The Boston Bruins and Carolina Hurricanes will face off Saturday afternoon in a Game 7 clash. The home team has won each of the previous six games in this series which technically gives Carolina the leg-up in this matchup. Technically is the operative word here, though, as everything gets thrown out the window in a one-game series that will see one team advance to the second round and one team go home for the offseason.
In the Bruins’ first two wins of the series in Games 3 and 4, the team opted to reunite David Pastrnak with Patrice Bergeron and Brad Marchand on the top line. This proved to be a good strategy as the trio excelled as always, combining for 16 points in two games and generally dominating the pace. Prior to that point, Pastrnak had been held off the scoresheet, Marchand had recorded one assist and Bergeron had scored two goals.
The good times wouldn’t last, though, as Game 5 threw a wrench in things. With that line still intact, the trio was held off the scoresheet entirely and the Bruins would muster just one goal against the Hurricanes.
Outside of the scoresheet, the game’s flow was also much different (though remarkably familiar) with the Bruins opting to use a top-heavy approach in trying to generate consistent offense. As mentioned, it did work for them in Games 3 and 4 of the series as far as the end result was concerned, but it also felt like the team would only go as far as that top line would take them.
That isn’t the strategy that got the Bruins to this point of the season as the decision to shake the lines up and move Pastrnak to a line with Taylor Hall and Erik Haula proved to be the difference-maker on what was starting out as an otherwise disappointing 2021-22 season. The resurgence of Jake DeBrusk on a line with Bergeron and Marchand was also instrumental in finding a balanced attack; the 25-year-old would score 25 goals and 42 points in 77 games, the second-most goals and tied for the second-most points he’s ever scored in a season.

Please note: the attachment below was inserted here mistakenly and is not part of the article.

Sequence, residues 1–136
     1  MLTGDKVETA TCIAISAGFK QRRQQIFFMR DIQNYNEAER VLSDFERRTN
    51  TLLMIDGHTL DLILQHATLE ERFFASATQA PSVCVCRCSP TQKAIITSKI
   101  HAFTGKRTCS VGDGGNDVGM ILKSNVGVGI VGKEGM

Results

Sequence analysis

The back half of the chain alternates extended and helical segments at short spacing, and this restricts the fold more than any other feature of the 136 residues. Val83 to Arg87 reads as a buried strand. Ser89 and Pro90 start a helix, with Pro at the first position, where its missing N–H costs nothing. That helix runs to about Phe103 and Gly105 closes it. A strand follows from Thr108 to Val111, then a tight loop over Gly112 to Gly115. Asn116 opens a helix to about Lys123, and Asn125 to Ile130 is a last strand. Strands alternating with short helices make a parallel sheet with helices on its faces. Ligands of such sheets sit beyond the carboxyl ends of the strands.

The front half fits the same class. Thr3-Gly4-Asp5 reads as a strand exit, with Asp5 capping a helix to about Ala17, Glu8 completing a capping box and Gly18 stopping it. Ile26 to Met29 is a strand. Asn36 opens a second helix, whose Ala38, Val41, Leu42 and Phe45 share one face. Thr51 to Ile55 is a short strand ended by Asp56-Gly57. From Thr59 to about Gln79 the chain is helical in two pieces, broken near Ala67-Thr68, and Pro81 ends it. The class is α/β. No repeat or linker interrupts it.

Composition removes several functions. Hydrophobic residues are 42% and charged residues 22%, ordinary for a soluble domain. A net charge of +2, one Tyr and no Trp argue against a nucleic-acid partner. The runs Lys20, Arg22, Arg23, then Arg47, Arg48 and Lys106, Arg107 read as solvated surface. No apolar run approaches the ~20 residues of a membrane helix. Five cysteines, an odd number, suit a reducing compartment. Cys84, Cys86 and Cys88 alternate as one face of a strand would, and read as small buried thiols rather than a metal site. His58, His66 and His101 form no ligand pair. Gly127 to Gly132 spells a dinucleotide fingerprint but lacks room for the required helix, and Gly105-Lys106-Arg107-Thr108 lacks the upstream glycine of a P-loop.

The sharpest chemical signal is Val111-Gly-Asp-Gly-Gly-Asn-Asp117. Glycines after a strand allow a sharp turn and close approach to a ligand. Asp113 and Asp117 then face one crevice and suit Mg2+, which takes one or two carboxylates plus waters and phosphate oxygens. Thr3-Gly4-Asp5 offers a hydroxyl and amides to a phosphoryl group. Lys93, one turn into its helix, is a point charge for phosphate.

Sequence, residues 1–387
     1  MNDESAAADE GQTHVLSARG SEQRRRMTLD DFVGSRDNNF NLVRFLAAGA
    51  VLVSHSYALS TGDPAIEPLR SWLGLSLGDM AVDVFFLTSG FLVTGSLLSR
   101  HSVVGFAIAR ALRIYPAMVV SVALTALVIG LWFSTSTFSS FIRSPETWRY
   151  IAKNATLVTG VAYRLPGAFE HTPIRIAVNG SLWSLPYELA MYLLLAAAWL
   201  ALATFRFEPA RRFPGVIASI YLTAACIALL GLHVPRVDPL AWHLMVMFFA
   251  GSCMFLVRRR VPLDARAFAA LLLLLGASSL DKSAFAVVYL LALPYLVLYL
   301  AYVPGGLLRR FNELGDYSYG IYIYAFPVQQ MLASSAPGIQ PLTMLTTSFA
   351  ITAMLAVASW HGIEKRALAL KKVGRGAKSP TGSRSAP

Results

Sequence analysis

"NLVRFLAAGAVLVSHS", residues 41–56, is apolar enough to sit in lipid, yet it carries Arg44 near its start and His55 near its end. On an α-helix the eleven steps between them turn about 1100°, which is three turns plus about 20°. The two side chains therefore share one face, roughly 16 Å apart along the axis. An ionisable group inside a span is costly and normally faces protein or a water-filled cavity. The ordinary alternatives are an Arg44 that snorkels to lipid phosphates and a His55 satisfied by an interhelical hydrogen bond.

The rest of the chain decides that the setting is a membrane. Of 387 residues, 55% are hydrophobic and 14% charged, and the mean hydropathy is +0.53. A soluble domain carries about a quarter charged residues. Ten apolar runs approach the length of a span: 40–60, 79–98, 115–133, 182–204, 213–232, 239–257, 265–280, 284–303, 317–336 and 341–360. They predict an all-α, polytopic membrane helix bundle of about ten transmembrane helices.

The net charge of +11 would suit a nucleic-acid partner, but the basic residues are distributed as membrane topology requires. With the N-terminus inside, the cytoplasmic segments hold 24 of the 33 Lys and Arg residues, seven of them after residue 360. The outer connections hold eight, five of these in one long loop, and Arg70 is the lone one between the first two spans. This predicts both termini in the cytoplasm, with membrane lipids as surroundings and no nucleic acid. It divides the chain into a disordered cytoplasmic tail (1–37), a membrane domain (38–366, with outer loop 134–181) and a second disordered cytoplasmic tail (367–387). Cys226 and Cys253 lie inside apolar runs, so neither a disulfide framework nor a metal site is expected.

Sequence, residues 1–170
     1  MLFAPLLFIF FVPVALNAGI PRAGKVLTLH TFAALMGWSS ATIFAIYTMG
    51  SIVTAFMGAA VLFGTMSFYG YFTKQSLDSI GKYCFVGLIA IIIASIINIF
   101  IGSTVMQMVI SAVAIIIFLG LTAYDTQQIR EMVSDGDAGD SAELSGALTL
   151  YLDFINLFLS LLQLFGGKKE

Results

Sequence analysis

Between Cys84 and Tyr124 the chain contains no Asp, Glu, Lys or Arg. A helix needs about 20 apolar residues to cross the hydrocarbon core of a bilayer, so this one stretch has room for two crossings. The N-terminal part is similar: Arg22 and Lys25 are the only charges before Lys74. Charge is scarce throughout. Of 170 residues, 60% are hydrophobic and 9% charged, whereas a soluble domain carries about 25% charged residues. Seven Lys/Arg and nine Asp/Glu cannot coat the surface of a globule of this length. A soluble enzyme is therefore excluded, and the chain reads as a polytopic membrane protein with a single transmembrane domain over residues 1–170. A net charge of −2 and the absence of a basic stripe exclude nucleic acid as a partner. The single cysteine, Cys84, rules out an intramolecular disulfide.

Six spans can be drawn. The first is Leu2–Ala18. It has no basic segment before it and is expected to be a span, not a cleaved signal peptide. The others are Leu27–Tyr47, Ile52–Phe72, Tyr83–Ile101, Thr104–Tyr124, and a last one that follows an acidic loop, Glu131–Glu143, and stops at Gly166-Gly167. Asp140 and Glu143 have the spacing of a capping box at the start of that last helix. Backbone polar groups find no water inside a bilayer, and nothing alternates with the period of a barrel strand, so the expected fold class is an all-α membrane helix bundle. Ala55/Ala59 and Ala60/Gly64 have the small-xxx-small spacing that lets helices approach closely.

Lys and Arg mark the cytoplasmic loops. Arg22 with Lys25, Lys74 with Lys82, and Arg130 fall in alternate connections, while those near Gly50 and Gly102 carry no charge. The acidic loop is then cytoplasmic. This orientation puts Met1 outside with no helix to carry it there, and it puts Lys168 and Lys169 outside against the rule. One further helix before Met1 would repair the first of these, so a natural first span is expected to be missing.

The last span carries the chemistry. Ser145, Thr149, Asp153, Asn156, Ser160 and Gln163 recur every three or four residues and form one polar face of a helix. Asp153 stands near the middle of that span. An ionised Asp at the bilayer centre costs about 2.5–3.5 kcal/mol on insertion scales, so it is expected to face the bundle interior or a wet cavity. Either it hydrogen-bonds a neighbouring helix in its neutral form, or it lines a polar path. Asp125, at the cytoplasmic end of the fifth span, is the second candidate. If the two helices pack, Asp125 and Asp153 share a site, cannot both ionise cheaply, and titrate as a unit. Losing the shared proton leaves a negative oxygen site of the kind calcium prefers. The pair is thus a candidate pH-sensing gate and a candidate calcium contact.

The Bruins opted for that more balanced attack in Game 6 in a must-win game and they came through with a solid 60-minute effort that saw five different Bruins score goals and 10 players record points. Interestingly enough, players to not record a single point in this game include Bergeron, DeBrusk, Hall and Hampus Lindholm – all of whom are featured in prominent top-six and top-pairing roles and played a major part in the win, but didn’t find the scoresheet. While the Bruins did get points out of Marchand, Pastrnak, Haula and Charlie McAvoy, a major contributing factor to their Game 6 win was depth scoring.
This is the key to the Bruins going on a deep playoff run and potentially competing for a Stanley Cup this season; forcing the top line to shoulder all of the workload is an impossible ask and will eventually catch up to them as it always has in the past. Getting production up and down the lineup is important and it’ll be the difference maker between the Bruins winning and losing in the long haul.
When the going gets tough, head coach Bruce Cassidy may need to shorten his bench and play his best players more than he’d like. That’s the cost of winning a Game 7, though, and he’ll do whatever it takes.
Bruins Getting Full Team Effort in Wins
Outside of point production, though, when the Bruins have been at their best, they’ve also done a very good job of blocking shots and passes and generally just limiting the opportunities that the Hurricanes get at shooting the puck. With a team as dangerous as the Hurricanes, there are bound to be plays that make their way through and create havoc for the Bruins. Fortunately, Jeremy Swayman was very good in Game 6 for the Bruins and came through with some game-changing saves that made every bit the difference.
It’s been a full team effort when the Bruins have played at TD Garden so far this series and they’ll need to take that mentality and production and put it into effect at PNC Arena in Carolina on Saturday. There can’t be any excuses for poor play Saturday and the Bruins will need to leave it all on the line in what will obviously be the biggest game of their season to date. Fortunately, they proved that they can step up and perform in a must-win game once already in this series.
The Bruins weren’t perfect in Game 6, but that just further proves that they don’t need to be perfect to pull out a win. In a game of inches and bounces, having a bigger will to win than the opposition is the most important factor. There’s a component of luck to consider, but the best teams in professional sports have always found a way to make their own luck or at the very least mitigate the effect luck has on a game.
Brandon Share-Cohen has covered the NHL and various professional sports for seven years. Working with The Hockey Writers, Brandon works extensively on covering the Boston Bruins in addition to his role as the News Team Lead.